Krasner Announces Big Shakeup in Homicide Unit of DA’s Office
The move by the DA, who has been knocked by political opponents for lacking administrative experience, represents real revolution — and maybe some risk.
Philadelphia District Attorney Larry Krasner released two memos to his staff on Tuesday afternoon detailing a number of significant policy changes that are sure to generate applause from some quarters and pushback from others.
Krasner’s marquee change is enlarging the scope of the office’s Homicide Unit to incorporate nonfatal shootings. He also announced the combination of several units, including the insurance and government fraud groups, into an office to prosecute economic crimes.
While the new memos are perhaps not so immediately attention-grabbing as the one he released shortly after taking office, which drastically curtailed prostitution and marijuana prosecutions — “Do not charge possession of marijuana regardless of weight,” the memo read — they do present Krasner, who has been knocked by political opponents for lacking administrative experience, as interested in doing significant bureaucratic business, and represent real revolution — and maybe some risk.
Traditionally, working homicide cases has been “the show” for police and assistant DAs alike — the highest possible duty in a cop’s or trial prosecutor’s career. But Krasner, in a phone interview, suggests any culture disruption generated by the move should be outweighed by the benefits of the new arrangement.
For starters, in terms of the evidence involved, a nonfatal shooting and a homicide are much the same: The ability to ferret out or infer motive and present ballistics evidence is key in both kinds of case, for instance. Krasner says he prefers this organizational structure in terms of mentoring and investigations. “It’s a pretty great way to bring along trial attorneys,” he says. “This will present natural opportunities for mentorship and for less experienced attorneys, handling nonfatal shootings, to serve as second chair [co-counsel] assisting in homicides.”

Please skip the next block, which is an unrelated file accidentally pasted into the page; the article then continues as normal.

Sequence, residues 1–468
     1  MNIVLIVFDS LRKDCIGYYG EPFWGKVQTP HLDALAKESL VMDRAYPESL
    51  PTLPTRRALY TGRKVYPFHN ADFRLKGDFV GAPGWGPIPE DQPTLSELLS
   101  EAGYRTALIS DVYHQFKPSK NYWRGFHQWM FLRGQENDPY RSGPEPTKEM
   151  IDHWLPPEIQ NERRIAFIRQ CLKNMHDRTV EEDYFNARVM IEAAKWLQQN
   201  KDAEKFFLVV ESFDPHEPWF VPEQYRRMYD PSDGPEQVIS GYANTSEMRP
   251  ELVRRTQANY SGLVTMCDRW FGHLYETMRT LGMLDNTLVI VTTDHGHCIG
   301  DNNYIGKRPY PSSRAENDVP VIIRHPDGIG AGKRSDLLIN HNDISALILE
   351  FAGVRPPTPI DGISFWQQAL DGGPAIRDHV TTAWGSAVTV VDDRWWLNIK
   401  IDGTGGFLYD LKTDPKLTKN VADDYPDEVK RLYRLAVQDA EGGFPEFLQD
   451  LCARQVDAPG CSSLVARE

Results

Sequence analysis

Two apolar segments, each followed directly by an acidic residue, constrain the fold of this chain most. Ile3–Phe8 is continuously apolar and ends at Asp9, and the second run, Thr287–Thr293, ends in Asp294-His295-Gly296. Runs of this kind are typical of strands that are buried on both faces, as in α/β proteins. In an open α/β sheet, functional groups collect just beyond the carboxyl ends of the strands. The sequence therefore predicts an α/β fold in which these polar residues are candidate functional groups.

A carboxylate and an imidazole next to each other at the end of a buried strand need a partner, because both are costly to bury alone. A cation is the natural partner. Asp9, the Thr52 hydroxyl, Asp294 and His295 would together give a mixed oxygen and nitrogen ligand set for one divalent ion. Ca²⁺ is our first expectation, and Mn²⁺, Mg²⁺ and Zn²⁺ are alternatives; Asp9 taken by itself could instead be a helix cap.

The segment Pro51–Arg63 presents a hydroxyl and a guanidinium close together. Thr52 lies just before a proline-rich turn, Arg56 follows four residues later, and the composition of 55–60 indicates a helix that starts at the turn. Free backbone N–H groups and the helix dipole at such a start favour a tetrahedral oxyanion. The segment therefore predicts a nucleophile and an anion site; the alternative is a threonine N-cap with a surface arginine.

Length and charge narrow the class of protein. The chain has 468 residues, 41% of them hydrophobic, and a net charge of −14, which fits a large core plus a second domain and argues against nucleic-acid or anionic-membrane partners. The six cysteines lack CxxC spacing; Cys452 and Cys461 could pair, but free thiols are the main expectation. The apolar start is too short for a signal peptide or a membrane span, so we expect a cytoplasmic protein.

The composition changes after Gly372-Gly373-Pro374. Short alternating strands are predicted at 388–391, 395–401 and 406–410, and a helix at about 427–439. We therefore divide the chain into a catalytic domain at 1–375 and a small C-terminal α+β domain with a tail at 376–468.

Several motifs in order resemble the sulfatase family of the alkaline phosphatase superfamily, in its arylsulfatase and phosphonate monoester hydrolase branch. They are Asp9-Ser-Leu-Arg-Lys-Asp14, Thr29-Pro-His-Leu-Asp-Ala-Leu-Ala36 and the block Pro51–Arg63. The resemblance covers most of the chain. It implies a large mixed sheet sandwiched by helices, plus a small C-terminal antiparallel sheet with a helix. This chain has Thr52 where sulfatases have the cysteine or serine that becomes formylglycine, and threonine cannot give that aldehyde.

Krasner also sees the new structure as an aid to preventing burnout. “Traditionally, if you are a homicide prosecutor, you are either prepping for or mounting a trial that involves looking at pictures that are frankly horrible, of murdered people, and I do believe it takes a toll,” he says. “There will be some opportunity this way for homicide prosecutors to recharge their batteries a little bit in cases that don’t involve deaths.”
Attorney Jonathan Mandel, a criminal defense attorney and former prosecutor in Los Angeles, says he loves the idea. There are often too many chiefs, he says, in a DA’s office. “You’re talking about taking the most violent crimes and putting them in one unit and prioritizing them,” Mandel says, “and that makes sense to me administratively and as a statement about priorities.”
This new approach is something one of Philadelphia’s most experienced homicide prosecutors rejects, however. “As serious as a shooting is,” says Carlos Vega, who spent more than 30 years prosecuting homicides, “the level of preparation and stress is totally different.”
Vega was one of the 31 staffers Krasner dismissed shortly after taking office, and he says he “feels bad for the victims” after this move. “There aren’t many experienced prosecutors left in that unit, so this will be the blind leading the blind,” Vega says.
Krasner’s spokesman, Ben Waxman, denies this, saying the experience level in the homicide department is “better” than that, though he could not immediately produce numbers. Waxman noted that the unit’s conviction rate hasn’t suffered since Krasner took office, providing a report the office generated showing a conviction rate around 90 percent — in keeping with the success rates of previous administrations.
Krasner also cites the new unit as a potential boon to investigations, noting that the city experiences a lot of retaliatory shootings, cases in which an attempted murder or an aggravated assault leads to someone else being shot or killed. The new department will be better able to coordinate the office’s response, says Krasner, in connected cases. And as for the any culture shock that might be involved — climbing up the rungs to the Homicide Unit has been regarded as the office’s highest aspiration — Krasner offers some pushback. As with so much of what he’s done since taking office, joining these departments reflects a philosophy.
“It’s true that the skills of prosecutors in the homicide department are very high,” he says. “But I would argue against the notion that the most important thing law enforcement can do is show up after blood is on the ground and find the participants, rather than what a skillful juvenile prosecutor can do, which is to prevent these homicides from ever happening.”
The other big news in the memos is the new Economic Crimes Unit. Krasner had vowed on the campaign trail to prosecute white collar crimes more aggressively, and the new unit is a step toward that goal.